A woman jailed for horrific abuse against two of her children argued her punishment should be reduced because of her previous good character.
The woman, who has permanent name suppression, was sentenced in Auckland District Court in December to seven and a half years in jail after she admitted to a list of offences, including frequently beating her nine-year-old daughter and pulling off her toenail.
She pleaded guilty to two counts of injuring with intent to cause grievous bodily harm, three counts of cruelty to a child, seven counts of assault on a child, eight counts of assault with a weapon and five counts of injuring with intent to injure.
She was jailed for a minimum of five years.
The Court of Appeal on Friday said the nature of the woman's offending was so bad that no account could be taken of her personal circumstances.
The woman had appealed both the length of her sentence and the minimum amount of time she must serve, with her lawyer Lorraine Smith claiming the "overall effect" of the sentence was excessive.
The appeal judges said the sentence was "fully justified".
Smith said the sentence should be reduced to take account the woman's previous good behaviour and the fact that her criminal behaviour arose because she was ill-equipped to deal with a difficult parenting challenge.
She also said the minimum period her client must serve should be reduced to acknowledge her previous good character, her own history as an abused child and the daughter's severe behavioural difficulties.
The District Court trial heard the woman and her partner had five children, two of whom were subject to the attacks. The main victim was the woman's nine-year-old daughter.
The court heard the daughter was frequently punched, kicked and assaulted with various objects, including punches to the head and kicks to the genital area while the woman was wearing steel-capped boots.
The woman threw a hammer at the girl's foot, fracturing her toes, and pulled off her toenail.
Other actions included holding her head under water in a very hot bath, and dragging her along the floor by her hair, causing her scalp to separate from her skull, which resulted in extensive bleeding under the scalp.
The woman also wrote insulting phrases on the girl's skin with a black felt-tip pen.
In its ruling the Court of Appeal said that as an infant the girl had been removed from her mother's care by Child Youth and Family because of concerns about neglect, lack of bonding and physical abuse.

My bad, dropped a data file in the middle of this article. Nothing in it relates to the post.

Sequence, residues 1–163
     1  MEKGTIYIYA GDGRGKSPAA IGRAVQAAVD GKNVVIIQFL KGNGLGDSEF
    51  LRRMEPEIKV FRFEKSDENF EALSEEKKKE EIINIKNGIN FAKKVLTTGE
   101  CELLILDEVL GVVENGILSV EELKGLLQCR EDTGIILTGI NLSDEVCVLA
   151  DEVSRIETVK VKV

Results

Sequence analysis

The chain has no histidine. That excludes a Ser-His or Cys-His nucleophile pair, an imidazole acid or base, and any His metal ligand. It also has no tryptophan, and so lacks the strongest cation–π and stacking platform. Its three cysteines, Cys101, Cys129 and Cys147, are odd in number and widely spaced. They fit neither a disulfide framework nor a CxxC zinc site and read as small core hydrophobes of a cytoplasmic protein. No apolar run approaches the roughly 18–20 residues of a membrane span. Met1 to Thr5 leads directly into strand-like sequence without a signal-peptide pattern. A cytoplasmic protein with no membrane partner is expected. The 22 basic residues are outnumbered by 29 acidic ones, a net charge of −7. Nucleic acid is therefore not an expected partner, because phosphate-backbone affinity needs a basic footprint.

She was put into various placements, including one where she was sexually and physically abused by her caregiver. As a consequence, the court said, she developed significant behavioural difficulties.
In 2008, the girl returned to live with her mother.
The abuse occurred during 2009 and 2010, although the charges, and guilty pleas, related to offending in 2010.
The abuse only stopped when the woman's mother and sister saw the girl's injuries while visiting. They asked the woman and her partner to allow them to take the child before she was killed.
The woman refused and police were called. When they arrived, the woman pushed the girl into a wardrobe to prevent police from seeing her injuries.
The child was taken to Starship Children's Hospital. The doctor who treated her said her injuries covered almost the whole of her body and were in various stages of healing, which suggested the abuse had occurred over a lengthy period of time.
She was also starved, dehydrated and suffering from several adverse psychological effects.
In rejecting her appeal, the court said it accepted the girl presented a difficult parenting challenge.
"But that provides no explanation (much less justification) for the appellant's actions. The appellant subjected (the child) to psychological and physical abuse of a most severe type over a sustained period of time.
"We do not accept that this was a case of an otherwise loving parent 'snapping' under the burden of caring for a difficult child. The sustained nature of the abuse is inconsistent with that.
"Plainly she had difficulties. But... she was entitled to expect comfort and support from her mother rather than the constant abuse she received. Her victim impact statement shows how badly scarred she has been by her experiences at the appellant's hands."
The court said it was "artificial" to talk of a person's previous good character in cases such as this, where there had been a sustained period of abuse directed at young children.
And it said that while it may be that the woman's "violent disposition" was in some way explained or influenced by the abuse that she said she suffered as a child, "we consider that the nature of the appellant's offending is so bad that no account can be taken of this personal circumstance".
- Auckland Now
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